Reviews on this site
Structure and policy
Since 2002, I rate movies I’ve seen. For the first 12 years, I did not note when I’d seen what; that started in 2013. Since 2016, I rate books. In the early years I studied the stuff and had proper reviews published in Spionen. I don’t believe what Wallace Martin wrote in Recent Theories of Narrative (1986):
Those who talk or write about narratives contribute to the total dialogic context of literature, where the production of words entails the creation of value, through the work and pleasure of understanding.
There is work and pleasure in understanding, and the pleasure is greater than the work. I hope that’s why I write down my thoughts on some of the media I consume. I do it to think. However, I can’t say I “contribute”. To be honest, the review section of this site is just a public, perpetually incomplete catalogue of my notes, hence far from a trustworthy guide. I just apply the following constraints.
The medium of a reviewed work is identifiable from its tags:
Movies, TV, streaming video etc. have the “moving picture” tag.
Other media are not reviewed at all, so no apps, albums, concerts, operas, exhibitions, restaurants, podcasts, virtual reality scenes, bikes, buildings, birds or lint.
I do not review my own work. I don’t review anything on the basis of badly faded memories, but I do sometimes write years after the experience.
I do not review games in any medium, including printed books for wargames and role-playing games, regardless of fluff content. Any opinions on games go into non-review articles like The pulping of Delta Green and Thoughts on Earthdawn.
Except where otherwise noted, I review complete works that I have experienced, unadulterated and in full. I try to avoid a hard line on notability, but under the completion criterion I very rarely review individual essays or amateur YouTube videos, and never anything more fragmentary, like news articles or home video.
Structure of a review
Titles are indexed by time of release first, then alphabetically. Associated works—“franchises” in broad interpretation—are clustered except on indices dedicated to rating or length.
Site-wide features such as back references and tags are not discussed here. The following are the visible properties of an individual review as such.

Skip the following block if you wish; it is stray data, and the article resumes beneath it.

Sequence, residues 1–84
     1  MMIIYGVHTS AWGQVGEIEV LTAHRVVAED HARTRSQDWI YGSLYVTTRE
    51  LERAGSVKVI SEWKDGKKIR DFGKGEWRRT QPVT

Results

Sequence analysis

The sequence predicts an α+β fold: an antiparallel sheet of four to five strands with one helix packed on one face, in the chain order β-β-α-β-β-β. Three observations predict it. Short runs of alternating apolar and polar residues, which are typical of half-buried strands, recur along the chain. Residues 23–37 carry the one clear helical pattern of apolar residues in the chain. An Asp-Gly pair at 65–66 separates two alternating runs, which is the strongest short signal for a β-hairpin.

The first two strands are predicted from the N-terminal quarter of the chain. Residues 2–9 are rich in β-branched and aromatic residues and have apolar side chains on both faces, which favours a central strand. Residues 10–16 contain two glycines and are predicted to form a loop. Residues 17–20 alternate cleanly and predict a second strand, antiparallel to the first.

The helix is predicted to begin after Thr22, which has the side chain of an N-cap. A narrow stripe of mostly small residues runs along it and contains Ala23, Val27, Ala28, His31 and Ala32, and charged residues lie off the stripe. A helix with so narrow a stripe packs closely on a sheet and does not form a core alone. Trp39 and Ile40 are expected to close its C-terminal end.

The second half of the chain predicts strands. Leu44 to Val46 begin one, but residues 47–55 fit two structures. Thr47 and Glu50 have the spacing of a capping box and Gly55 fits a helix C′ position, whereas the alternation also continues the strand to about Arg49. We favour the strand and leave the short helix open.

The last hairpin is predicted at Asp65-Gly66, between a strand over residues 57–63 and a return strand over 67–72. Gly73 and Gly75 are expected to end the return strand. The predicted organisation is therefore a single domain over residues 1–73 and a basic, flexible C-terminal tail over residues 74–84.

I favour official English-language release titles. I generally include long-ish subtitles but not attributions like Buddha in Africa’s “A Film by Nicole Schafer”, as shown on the title card. I similarly eschew typographic stylizations (the “poster” titles of Alien³, Se7en etc.) and the ugly fashion in US TV where the host will have their name appended to the title even when there is no plan to franchise the show. Thus The Late Show was originally with David Letterman (1993–2015) even before the same show became with Stephen Colbert. When a network does replace the host, there’s usually a shakeup in the rest of the staff, but I am happy to find the host’s name in the credits along with everyone else’s.
To spare you the pain of my quirks, some alternative titles are registered and will affect search results, but they are not displayed.
Year of release
Reviewed works are dated in the following order of descending preference:
Antemortem release, e.g. publication, recorded public performance etc. Where a work was serialized in publication, as on television or in a literary journal, the date of the first release (launch) is used in preference to any subsequent final issue or revised, consolidated novel.
Finalization, where a record or guess exists that is more credible than the date of a posthumous release. These dates are often approximate, particularly for ancient works.
Posthumous release. While releases are usually relatively well recorded and fixed as points of reference, they get ridiculous when they’re far removed from any possible modification the author might have made, hence the low priority.